Keep an eye on Gov. Walker's next move. He'll try to shore up his image by highlighting his onetime fix to school budgets. He's already bragging how few layoffs have taken place. Of course you'll always get fewer layoffs after a dramatic number of experienced teachers retire. But after this upcoming school year, then what? Walker doesn't want you know, and will do everything he can to paint the rosiest picture ever, even while school boards and teacher grow more adversarial.
Here's an eye opener that spells it out.
jsonline: Most … Wisconsin districts have avoided layoffs and massive cuts to programs. Critics say that a good financial picture now for schools will be short-lived, and that most districts will nose-dive next year because the recently acquired savings are a one-time fix.
Several school superintendents say that the cuts to education spending could not be completely recouped through greater employee benefit contributions, and that they made the numbers work this year by dipping into reserve funds or leftover stimulus money … But what about 2013?
Rep. Sondy Pope-Roberts (D-Middleton), the ranking member of the Assembly Education Committee, said Friday that the big worry is what's to come next year, as costs continue to rise.
Kaukauna achieved those savings by new contributions from employees … modifying other aspects of the teachers' workload … teach six hours a day instead of five … from two preparation periods down to one, and eliminated four paid days: one teacher work day and three paid holidays.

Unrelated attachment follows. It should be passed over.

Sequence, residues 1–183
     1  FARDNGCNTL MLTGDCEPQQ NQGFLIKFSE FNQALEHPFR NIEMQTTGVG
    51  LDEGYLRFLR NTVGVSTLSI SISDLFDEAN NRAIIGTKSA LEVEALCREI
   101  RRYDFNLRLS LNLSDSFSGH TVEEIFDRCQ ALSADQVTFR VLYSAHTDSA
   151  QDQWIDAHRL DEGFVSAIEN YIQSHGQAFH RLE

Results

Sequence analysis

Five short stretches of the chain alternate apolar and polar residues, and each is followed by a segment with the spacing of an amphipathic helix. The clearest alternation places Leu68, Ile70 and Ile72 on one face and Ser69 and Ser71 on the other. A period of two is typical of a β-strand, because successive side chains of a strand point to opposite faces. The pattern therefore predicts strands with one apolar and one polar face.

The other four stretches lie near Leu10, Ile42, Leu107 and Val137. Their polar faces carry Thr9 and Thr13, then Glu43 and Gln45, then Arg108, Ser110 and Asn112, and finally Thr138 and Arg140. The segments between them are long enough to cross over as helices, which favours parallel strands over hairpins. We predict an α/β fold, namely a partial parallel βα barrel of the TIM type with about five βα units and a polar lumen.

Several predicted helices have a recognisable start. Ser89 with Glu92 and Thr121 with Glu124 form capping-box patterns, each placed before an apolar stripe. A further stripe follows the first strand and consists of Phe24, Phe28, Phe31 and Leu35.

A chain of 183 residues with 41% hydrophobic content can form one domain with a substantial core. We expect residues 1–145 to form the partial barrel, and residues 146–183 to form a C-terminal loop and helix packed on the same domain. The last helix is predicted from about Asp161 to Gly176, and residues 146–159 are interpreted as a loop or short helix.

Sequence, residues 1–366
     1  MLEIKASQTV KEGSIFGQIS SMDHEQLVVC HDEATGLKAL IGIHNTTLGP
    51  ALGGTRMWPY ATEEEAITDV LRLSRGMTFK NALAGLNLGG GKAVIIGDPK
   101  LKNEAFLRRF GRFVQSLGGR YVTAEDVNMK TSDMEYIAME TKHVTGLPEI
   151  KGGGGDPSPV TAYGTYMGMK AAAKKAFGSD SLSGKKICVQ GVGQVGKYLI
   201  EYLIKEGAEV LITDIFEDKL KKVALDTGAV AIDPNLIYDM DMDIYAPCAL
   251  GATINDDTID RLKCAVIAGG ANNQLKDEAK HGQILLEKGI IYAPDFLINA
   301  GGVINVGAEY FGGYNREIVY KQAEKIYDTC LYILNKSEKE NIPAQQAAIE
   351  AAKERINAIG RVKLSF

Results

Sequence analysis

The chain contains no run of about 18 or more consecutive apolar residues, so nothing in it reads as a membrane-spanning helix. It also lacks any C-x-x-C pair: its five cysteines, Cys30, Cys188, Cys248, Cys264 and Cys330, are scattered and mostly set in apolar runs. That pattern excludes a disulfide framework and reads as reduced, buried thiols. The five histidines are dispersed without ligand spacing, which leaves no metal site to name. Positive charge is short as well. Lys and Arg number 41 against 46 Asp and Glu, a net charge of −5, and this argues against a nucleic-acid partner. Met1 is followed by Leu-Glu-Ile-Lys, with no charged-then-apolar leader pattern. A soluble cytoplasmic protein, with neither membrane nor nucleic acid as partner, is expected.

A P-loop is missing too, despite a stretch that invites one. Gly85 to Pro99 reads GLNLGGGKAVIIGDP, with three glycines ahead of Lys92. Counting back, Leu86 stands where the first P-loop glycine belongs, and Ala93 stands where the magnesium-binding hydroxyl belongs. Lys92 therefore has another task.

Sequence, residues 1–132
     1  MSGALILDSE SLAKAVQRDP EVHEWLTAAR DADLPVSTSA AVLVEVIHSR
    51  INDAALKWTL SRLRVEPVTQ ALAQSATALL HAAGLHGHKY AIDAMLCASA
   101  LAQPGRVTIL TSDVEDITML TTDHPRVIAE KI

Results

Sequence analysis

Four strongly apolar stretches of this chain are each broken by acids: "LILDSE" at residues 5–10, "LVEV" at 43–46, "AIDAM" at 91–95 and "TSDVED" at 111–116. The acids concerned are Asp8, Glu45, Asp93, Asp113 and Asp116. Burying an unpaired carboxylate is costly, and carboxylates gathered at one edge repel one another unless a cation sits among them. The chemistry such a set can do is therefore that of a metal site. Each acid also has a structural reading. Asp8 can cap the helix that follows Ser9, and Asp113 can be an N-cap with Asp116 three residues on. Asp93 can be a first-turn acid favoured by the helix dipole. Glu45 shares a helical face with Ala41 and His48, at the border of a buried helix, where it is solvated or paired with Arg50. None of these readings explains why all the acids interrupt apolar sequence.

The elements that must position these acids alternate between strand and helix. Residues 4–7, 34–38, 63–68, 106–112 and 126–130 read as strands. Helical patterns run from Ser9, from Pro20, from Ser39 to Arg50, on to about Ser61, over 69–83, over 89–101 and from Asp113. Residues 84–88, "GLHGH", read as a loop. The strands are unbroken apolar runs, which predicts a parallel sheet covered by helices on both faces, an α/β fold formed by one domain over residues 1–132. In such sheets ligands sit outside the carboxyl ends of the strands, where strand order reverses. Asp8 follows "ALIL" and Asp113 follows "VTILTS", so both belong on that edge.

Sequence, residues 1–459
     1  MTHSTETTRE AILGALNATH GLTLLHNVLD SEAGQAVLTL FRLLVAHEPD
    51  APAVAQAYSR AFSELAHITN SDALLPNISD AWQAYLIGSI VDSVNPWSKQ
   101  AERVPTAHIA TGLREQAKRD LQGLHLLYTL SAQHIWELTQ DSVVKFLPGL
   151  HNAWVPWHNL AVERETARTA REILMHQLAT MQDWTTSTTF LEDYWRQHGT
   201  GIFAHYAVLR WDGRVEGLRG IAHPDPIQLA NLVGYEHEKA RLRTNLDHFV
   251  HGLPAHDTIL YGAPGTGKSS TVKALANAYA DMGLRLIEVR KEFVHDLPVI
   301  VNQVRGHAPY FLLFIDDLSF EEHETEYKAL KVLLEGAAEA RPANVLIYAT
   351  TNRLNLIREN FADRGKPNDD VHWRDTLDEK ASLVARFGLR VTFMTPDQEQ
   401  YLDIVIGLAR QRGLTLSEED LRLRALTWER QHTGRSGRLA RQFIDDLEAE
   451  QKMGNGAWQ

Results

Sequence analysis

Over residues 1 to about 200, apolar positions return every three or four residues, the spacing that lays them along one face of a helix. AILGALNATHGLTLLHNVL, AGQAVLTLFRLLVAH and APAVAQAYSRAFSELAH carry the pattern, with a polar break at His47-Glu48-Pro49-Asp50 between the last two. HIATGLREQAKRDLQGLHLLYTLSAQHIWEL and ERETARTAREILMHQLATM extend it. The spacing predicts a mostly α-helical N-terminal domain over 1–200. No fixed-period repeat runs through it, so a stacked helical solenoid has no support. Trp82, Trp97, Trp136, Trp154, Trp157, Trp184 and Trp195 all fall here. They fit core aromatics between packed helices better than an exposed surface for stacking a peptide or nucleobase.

The Elmbrook School District's Superintendent Matt Gibson said that he was supportive of the budget-repair legislation on collective bargaining, but that it did not fill the gap in Elmbrook's budget created by Walker's budget cuts to education. They plugged some of the hole by dipping into their capital maintenance fund, he said.
Ron Heilmann, Eau Claire superintendent; "That left a $2 million hole. Coincidentally, we have stimulus funds left over that total about $2 million. But I have a lot of very disgruntled employees." In Racine, chief finance officer Dave Hazen said that the district is likely to run into a deficit again next year. He said if districts are going to be expected to find more places to cut, after already reducing salary and benefits this year, it could become hard to attract good teachers.